The AIHCR’s lack of transparency unfortunately matches that of Burma’s own corresponding body, the Myanmar National Human Rights Commission (MNHRC), formed 10 months ago. Like the AICHR, the MNHRC is currently drafting its enabling law. Regrettably, despite the calls of civil society to see the draft, its content remains secret—a ridiculous situation given that the new law is supposed to establish the commission in charge of protecting and promoting the rights of Burma’s citizens.
Any law that can’t stand public scrutiny is likely to be little more than a placebo. Moreover, similar procedures are used in the Parliament, where new draft laws are adopted without a chance for the public to comment on, add to, or discuss the very texts that are meant to guarantee the rights of Burma’s people.
However, thanks to the perseverance of regional civil society groups, a leaked draft of the AHRD was finally obtained. I had a glance at the leaked document and it was like a bad case of déjà vu.
The limits placed on people’s enjoyment of human rights in the declaration are purposely vague and broad, making it easy for the government to interpret them for its own convenience. Terms such as “national security” and “moral values” litter the document, providing the authorities with handy pretexts for restricting rights whenever they see fit.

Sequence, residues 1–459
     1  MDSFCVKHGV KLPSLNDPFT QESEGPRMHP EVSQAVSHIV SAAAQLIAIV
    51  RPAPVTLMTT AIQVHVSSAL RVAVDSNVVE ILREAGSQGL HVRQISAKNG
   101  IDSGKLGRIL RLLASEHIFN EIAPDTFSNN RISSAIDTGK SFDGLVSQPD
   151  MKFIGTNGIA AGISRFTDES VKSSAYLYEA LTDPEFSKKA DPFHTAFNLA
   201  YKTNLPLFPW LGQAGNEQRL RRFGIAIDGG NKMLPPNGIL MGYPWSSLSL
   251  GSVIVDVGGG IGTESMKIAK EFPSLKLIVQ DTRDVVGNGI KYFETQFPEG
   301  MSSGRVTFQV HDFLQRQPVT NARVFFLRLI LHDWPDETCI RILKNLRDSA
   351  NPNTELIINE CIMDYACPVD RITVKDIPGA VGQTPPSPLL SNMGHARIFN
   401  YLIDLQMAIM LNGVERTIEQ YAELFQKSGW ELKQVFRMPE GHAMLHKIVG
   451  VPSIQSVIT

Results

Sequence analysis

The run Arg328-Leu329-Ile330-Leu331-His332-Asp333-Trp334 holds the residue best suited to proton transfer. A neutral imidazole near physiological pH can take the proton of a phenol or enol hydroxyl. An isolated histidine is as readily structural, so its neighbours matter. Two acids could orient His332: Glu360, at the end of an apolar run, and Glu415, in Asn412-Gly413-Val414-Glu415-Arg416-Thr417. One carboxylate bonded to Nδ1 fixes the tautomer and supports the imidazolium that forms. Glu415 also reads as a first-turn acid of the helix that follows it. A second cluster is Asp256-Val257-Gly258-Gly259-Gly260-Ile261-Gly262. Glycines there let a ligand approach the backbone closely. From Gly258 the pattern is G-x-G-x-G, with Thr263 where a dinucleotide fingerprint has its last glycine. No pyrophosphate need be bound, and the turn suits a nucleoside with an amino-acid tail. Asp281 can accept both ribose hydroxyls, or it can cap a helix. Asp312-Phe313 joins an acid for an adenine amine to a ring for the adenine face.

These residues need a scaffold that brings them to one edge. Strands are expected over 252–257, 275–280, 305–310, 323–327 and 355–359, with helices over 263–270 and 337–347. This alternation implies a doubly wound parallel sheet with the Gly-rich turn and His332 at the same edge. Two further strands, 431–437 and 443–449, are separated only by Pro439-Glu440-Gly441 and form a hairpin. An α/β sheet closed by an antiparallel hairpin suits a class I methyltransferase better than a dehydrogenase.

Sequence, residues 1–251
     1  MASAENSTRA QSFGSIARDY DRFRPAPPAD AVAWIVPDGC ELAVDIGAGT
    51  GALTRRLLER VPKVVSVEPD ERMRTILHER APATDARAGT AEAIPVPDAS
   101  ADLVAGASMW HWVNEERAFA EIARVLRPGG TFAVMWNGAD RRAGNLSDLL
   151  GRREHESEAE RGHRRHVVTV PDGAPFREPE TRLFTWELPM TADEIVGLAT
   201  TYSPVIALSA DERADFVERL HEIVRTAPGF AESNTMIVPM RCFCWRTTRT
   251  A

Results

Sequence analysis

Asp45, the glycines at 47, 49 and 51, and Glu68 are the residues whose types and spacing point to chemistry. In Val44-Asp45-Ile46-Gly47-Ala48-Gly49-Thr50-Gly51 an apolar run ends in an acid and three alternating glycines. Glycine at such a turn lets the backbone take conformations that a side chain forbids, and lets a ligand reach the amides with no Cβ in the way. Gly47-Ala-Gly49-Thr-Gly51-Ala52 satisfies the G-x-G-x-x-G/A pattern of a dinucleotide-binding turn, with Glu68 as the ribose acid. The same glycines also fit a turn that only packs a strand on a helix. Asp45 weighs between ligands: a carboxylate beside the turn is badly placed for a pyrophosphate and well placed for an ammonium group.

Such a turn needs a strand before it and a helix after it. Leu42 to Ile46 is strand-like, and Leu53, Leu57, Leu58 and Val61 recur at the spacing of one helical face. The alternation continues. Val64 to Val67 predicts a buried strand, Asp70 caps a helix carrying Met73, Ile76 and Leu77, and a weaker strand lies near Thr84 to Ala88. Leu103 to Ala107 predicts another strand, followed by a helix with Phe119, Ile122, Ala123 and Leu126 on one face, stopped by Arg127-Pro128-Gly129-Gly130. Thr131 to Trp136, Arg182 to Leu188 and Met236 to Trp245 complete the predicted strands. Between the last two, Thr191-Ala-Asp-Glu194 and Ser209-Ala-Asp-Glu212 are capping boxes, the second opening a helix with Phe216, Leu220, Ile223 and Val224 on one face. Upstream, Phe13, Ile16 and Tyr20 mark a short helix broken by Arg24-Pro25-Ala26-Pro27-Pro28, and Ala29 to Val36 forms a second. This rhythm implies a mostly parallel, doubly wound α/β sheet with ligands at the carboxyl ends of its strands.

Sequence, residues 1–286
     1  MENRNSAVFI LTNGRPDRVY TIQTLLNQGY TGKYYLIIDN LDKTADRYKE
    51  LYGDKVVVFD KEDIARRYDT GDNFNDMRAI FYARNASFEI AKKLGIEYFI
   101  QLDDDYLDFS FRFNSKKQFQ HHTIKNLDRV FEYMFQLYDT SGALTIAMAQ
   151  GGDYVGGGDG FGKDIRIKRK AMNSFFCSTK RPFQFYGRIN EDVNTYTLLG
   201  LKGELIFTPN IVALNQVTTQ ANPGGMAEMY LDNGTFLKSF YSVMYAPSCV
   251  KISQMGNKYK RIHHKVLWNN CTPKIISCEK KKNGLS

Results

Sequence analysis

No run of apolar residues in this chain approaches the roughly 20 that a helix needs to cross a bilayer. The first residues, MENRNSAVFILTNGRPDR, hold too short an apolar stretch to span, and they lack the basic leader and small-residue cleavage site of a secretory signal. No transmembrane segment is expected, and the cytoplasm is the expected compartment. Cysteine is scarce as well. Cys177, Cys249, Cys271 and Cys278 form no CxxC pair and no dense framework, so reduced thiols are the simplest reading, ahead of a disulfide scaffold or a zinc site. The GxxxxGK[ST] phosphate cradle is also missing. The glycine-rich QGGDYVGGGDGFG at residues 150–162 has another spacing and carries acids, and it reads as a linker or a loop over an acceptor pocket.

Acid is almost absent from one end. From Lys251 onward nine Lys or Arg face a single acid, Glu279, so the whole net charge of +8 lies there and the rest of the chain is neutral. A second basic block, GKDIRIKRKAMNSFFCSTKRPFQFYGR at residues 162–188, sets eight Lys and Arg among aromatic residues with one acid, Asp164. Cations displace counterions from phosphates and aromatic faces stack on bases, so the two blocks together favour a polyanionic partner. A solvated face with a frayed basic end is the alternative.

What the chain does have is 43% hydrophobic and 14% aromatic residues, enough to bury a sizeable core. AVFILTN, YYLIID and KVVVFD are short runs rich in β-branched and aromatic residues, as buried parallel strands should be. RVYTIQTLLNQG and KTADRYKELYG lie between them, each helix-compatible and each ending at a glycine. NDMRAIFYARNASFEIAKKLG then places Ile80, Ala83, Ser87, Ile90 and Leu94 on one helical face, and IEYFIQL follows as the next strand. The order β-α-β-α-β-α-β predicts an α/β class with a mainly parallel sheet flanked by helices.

Worryingly, the draft law echoes Burma’s military-drafted 2008 Constitution, Article 354 of which states that people can enjoy the freedom to express themselves, assemble and form associations “if not contrary to the laws, enacted for Union security, prevalence, law and order, community peace and tranquility or public order and morality.” One needs only to look at the list of remaining political prisoners in Burma to see how such a limitation is used to stifle freedom of expression and assembly.
Given these shortcomings, it seems to me that the AICHR is more likely to protect our governments and leaders than us, just as Burma’s reform process will benefit the army and its business cronies far more than it will ordinary citizens.
With the AICHR meeting approaching, I, as an Asean citizen, question why I don’t have the right to access and comment on a document that is supposed to protect my human rights. Similarly, as a person from Burma, I also question why I can’t freely participate in the changes that I have been fighting for for more than two decades.
I would therefore like to tell Burma’s representative at the AICHR that it is not too late: if Burma is truly on the way to greater democracy and transparency, the AICHR must organize a public consultation with the independent civil society, community-based organizations and networks of our country.
I would also like to tell Burma’s government and MPs not to be afraid of the people’s ideas and their participation in the public life of our country. Unless the people can take ownership of the transition process, it is bound to fail.
Aung Myo Min is the founder and director of the Human Rights Education Institute of Burma. The views expressed here are his own.